No­madic bear makes its way to Aberdeen Prov­ing Ground




— That no­madic bear spot­ted in sev­eral Ce­cil County lo­ca­tions has now been spot­ted at Aberdeen Prov­ing Ground.

In a post on so­cial me­dia, APG spokesman Kelly Lus­ter said the bear was spot­ted by se­cu­rity at the Route 22 gate in Aberdeen around 2 a.m. Wed­nes­day.

“The bear didn’t stop or linger. It was mov­ing to­ward a wooded area,” Lus­ter said in the mes­sage is­sued Wed­nes­day.

Lus­ter said Thurs­day that se­cu­rity was just as sur­prised by see­ing the lum­ber­ing gi­ant.

“Lit­er­ally, he walked through the gate,” Lus­ter said.”Our gates are open 24 hours.”

Lus­ter said the post­ing led to com­ments ask­ing if the bear had a pass to get on the post.

He added, the bear has not been seen since that early morn­ing en­counter.

Joe Cara­betta, who lives in the Car­pen­ters Point area where the bear was last seen Mon­day evening, said he’s not sur­prised.

“Bears can travel 25 to 30 miles a day,” he said.

More than a week ago the bear was seen in Hockessin, Del. On May 20 Ce­cil County Depart­ment of Emer­gency Ser­vices is­sued an evening ad­vi­sory to res­i­dents of the Elkton area to bring trash cans and pets in­doors af­ter the bear had been spot­ted along Singerly and Rick­etts Mill roads.

In the North East area Sun­day the bear con­tin­ued mov­ing. Joe Dixon had a close en­counter with the black bear Mon­day night. He was in his de­tached garage when he saw the huge ur­sine.“I was get­ting ready to pull the door closed and there’s this bear right there and he’s tear­ing down my bird feeder,” he said, not­ing he watched it from a win­dow for a few min­utes.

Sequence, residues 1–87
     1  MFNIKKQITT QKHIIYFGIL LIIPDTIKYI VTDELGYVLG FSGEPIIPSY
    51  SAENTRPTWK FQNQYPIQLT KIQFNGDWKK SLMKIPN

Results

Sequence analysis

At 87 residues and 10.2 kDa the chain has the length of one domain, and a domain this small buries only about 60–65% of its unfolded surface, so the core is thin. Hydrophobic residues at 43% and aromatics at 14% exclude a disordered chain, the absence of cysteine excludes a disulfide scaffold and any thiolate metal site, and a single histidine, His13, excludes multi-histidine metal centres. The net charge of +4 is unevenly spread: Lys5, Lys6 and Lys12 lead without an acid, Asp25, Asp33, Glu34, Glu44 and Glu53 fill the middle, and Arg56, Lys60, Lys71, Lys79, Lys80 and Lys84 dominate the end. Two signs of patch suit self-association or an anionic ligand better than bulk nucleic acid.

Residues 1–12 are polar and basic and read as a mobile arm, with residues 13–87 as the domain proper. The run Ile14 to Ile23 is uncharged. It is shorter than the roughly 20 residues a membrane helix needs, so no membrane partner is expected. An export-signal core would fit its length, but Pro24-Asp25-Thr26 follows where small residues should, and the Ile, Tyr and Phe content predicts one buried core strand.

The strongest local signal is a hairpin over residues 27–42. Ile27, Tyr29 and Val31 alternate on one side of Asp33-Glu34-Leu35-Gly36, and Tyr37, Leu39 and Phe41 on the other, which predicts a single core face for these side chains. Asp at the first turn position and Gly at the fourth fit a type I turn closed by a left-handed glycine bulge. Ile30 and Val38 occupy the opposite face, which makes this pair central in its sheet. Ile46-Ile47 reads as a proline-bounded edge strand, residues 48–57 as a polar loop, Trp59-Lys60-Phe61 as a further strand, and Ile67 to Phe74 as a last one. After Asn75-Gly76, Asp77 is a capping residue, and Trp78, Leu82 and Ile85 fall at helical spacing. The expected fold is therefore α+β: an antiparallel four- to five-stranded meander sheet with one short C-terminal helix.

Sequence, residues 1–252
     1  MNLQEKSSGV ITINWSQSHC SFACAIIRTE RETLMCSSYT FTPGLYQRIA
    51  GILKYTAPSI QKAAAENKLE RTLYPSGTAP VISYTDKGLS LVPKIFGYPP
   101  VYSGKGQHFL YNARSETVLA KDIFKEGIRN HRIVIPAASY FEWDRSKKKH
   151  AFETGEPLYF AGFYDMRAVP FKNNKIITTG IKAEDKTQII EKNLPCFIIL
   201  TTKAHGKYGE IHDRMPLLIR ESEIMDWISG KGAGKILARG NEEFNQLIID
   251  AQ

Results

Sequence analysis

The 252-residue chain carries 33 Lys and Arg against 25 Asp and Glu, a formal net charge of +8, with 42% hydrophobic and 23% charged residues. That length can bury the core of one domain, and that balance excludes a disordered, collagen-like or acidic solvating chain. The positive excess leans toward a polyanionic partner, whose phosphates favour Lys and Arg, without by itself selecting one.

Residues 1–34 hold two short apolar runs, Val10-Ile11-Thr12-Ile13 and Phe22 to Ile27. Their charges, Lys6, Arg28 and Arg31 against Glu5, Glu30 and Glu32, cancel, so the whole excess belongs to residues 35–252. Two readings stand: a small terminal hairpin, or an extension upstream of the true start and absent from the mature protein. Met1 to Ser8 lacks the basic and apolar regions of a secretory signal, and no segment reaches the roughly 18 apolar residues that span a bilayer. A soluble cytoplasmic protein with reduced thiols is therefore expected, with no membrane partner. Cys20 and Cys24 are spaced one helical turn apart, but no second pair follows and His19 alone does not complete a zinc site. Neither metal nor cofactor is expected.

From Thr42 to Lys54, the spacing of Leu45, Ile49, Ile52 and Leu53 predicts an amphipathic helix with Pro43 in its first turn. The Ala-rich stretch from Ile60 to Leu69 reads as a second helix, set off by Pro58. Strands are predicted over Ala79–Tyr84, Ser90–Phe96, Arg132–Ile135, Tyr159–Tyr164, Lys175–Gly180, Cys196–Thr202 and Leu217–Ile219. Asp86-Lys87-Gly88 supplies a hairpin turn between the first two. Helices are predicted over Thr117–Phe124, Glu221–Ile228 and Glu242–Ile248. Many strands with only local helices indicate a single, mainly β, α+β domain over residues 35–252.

Cara­betta thinks it was the bear that dug up a patch of his gar­den, ob­vi­ously look­ing for food.

Dixon found a com­pressed area in the woods nearby with large scat. He fig­ures the bear rested be­fore con­tin­u­ing his trav­els.

Mary­land Depart­ment of Nat­u­ral Re­sources of­fi­cials said un­less the an­i­mal was ag­gres­sive there would not be an at­tempt to cap­ture it. Their ad­vice was to leave the bear be, don’t ap­proach him and re­move any po­ten­tial food sources, in­clud­ing bird feed­ers.

About 10 years ago, a bear wan­der­ing around Camp Conowingo was cap­tured and re­lo­cated. He found the dump­sters at the Girl Scout fa­cil­ity too invit­ing to leave. Un­for­tu­nately, the bear headed back to­ward civ­i­liza­tion, forc­ing DNR of­fi­cials to eu­th­a­nize it.

In Mary­land, bears are not com­mon to Ce­cil or Har­ford coun­ties, and are typ­i­cally found in the more moun­tain­ous western coun­ties. When spot­ted, the bear has typ­i­cally been forced from its home in a ter­ri­to­rial dis­pute with an­other male.

To get to APG, the bear had to cross the Susque­hanna River, not an im­pos­si­ble feat con­sid­er­ing that Amer­i­can black bears are good swim­mers.

The nu­mer­ous sight­ings have pro­vided am­ple fod­der for those find­ing hu­mor in its move­ments on­line. On the @de­la_bear Twit­ter feed, the move was ex­plained this way: “I swam. I took a nap on Gar­rett Is­land. Then swam the rest of the way. Then I called an ‘Ubear.’”


A cit­i­zen cap­tured this photo of bear near White Clay Creek in Ne­wark.


This still from Joe Dixon’s home se­cu­rity cam­era shows that mi­grat­ing bear walk­ing through his Car­pen­ter’s Point yard Mon­day evening. The bear is now in Har­ford County.

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